So, I’ve never run a marathon before – until now, that is! – and so wasn’t sure of how I would feel after one. For some time now, I’ve been debating running another marathon this year - this time NOT up and down a mountain, mind you – to get a sense of what I could do for a “normal” marathon and to avoid any funny looks when I answer the question, “So what’s your time for the marathon?”
“I’ll wait and see how I feel after Pikes Peak,” I told myself.
But before I could think about another race - and let alone another marathon - some good, quality recovery would be in order. Enter Coach Jenny of Runner’s World Magazine. Her four-week post-marathon recovery plan includes running, cross training, stretching, and foam rolling beginning on day one and looks a little something like this:
According to Coach Jenny, “. . .every recovery is like a fingerprint—unique—and the secret truly is to listen to your body and serve up what it asks.” Well, here’s a list of a few of the things for which mine has asked since my marathon:
- French fries
- Chocolate bars
- Diet Coke
And, of course, let’s not forget. . .
- Lots and LOTS of beer and more than a few shots. . .of just about everything.
Pair this with the fact that I have still been trying to finish cleaning and settling into my new apartment – yes, yes, I am well aware that we moved in two months ago, geez! - and am trying to catch up with some friends and with several other things I put aside to train for the marathon the past few months, and my marathon recovery ‘fingerprint’ has looked a little more like this:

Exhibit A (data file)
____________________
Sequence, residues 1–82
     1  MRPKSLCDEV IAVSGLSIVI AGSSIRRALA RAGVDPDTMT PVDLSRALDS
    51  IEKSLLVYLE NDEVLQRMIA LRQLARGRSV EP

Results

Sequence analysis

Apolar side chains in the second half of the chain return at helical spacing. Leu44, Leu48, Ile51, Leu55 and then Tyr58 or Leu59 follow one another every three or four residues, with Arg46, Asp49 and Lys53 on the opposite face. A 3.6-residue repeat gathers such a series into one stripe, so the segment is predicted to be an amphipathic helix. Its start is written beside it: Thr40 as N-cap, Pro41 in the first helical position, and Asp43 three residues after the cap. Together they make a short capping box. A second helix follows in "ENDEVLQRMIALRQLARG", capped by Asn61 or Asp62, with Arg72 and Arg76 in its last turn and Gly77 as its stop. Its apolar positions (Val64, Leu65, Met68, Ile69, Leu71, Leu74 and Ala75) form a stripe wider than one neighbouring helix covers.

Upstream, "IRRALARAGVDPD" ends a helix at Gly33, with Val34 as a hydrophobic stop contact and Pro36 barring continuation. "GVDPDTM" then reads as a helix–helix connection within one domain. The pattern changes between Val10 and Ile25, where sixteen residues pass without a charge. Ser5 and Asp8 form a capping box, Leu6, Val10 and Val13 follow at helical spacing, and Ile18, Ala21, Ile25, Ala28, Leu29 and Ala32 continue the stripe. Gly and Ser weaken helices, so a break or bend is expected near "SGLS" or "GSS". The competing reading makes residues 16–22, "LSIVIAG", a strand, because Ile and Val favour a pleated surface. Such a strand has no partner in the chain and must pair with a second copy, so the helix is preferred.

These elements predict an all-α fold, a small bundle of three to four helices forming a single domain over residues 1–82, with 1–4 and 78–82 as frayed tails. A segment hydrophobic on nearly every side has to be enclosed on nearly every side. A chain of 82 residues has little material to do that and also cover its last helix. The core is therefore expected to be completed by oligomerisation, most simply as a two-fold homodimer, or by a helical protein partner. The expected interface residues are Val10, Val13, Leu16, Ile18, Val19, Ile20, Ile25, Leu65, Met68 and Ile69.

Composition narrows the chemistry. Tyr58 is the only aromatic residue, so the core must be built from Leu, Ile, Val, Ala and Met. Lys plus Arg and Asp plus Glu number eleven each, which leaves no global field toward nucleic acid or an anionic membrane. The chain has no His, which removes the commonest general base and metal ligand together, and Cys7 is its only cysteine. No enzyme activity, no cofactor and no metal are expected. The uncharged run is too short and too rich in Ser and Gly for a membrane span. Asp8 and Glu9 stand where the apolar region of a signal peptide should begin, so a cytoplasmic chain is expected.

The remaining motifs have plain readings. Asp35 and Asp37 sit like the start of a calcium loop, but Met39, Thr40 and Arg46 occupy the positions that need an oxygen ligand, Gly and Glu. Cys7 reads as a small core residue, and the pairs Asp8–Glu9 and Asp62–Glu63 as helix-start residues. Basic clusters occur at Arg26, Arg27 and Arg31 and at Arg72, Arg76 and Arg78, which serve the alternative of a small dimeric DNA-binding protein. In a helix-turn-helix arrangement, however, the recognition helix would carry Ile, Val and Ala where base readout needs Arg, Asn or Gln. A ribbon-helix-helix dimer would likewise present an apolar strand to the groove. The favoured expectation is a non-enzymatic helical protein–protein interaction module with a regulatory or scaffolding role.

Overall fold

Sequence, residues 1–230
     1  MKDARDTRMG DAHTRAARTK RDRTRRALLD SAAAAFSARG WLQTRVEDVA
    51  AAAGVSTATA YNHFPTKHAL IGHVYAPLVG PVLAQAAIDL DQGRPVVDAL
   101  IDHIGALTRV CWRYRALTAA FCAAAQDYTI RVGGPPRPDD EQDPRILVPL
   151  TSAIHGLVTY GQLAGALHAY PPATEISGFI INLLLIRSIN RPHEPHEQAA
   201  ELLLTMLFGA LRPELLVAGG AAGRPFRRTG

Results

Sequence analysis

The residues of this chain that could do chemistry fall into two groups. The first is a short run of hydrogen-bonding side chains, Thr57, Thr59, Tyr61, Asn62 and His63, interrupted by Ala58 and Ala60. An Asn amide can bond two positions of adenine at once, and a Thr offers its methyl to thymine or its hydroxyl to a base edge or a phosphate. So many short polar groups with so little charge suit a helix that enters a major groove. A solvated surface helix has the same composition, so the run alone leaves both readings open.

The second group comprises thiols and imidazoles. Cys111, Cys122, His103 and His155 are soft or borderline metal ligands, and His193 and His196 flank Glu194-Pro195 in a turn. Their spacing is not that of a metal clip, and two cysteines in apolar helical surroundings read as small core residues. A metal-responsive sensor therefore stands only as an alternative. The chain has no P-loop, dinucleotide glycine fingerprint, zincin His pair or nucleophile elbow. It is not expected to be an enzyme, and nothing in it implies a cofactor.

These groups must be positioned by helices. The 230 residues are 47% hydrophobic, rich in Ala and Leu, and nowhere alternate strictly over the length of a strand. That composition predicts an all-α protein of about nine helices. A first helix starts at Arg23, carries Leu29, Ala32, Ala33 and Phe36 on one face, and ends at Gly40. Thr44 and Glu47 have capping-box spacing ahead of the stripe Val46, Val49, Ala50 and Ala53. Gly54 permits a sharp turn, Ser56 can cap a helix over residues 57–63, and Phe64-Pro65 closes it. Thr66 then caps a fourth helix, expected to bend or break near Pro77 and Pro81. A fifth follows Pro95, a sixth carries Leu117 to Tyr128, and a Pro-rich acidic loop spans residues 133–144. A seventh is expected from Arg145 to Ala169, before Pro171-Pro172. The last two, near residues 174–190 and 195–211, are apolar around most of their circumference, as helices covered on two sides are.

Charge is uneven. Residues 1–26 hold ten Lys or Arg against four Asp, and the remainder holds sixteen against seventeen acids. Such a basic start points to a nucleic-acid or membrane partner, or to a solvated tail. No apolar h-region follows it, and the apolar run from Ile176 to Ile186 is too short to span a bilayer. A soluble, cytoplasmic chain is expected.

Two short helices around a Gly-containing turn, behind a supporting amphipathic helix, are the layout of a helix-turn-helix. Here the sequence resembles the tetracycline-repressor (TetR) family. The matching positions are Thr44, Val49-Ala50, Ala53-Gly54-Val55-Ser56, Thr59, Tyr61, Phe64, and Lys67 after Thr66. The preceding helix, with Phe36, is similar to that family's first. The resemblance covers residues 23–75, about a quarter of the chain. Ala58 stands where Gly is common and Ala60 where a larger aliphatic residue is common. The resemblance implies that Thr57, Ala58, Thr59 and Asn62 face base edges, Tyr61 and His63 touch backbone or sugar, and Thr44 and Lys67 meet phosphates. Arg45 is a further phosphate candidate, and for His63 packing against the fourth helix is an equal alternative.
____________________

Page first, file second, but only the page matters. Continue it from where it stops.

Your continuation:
Some running, check. Some cross training, check. Barely any stretching, check. No foam rolling, check. Lots of socializing and eating like a pig, check. Drinking beer, check and CHECK.
I had visions in my head of myself running at a good pace, looking strong and relaxed and feeling ready to take on the world all over again.
Instead, I’ve alternated pretty much every day between feeling energized and wanting to run for miles, wanting to feel the breeze in my face and the packed dirt trail of Cheeseman Park under my feet to feeling lazy, old, and fat and wanting to feel the comfort of my living room couch against my back, a fluffy pillow beneath my head, and the television remote in my hand.
I miss running almost ever day. I miss the trails of the foothills and neighboring suburbs of downtown Denver. I miss the post-run zen that only follows a solid effort for a tough workout. And, more than all of this, I miss the energy to want to do it all over again.
I know that a little down time following a tough race is a good thing and that I need the rest. Still, I’ve got a touch of the ‘Pikes Peak up and left me ain’t no sunshine when he’s gone post-marathon blues,’ doo-wop doo-wop.
It’s been three weeks, going on four, following Pikes Peak. I’m ready to start feeling back to normal on a consistent basis – and not just every other day – now.
Melissa Mincic, Ph.D., a long-time road and trail runner, conducts applied child development research and works to influence child development policy at the University of Denver. Follow Melissa on Twitter at @nerdinrunshoes.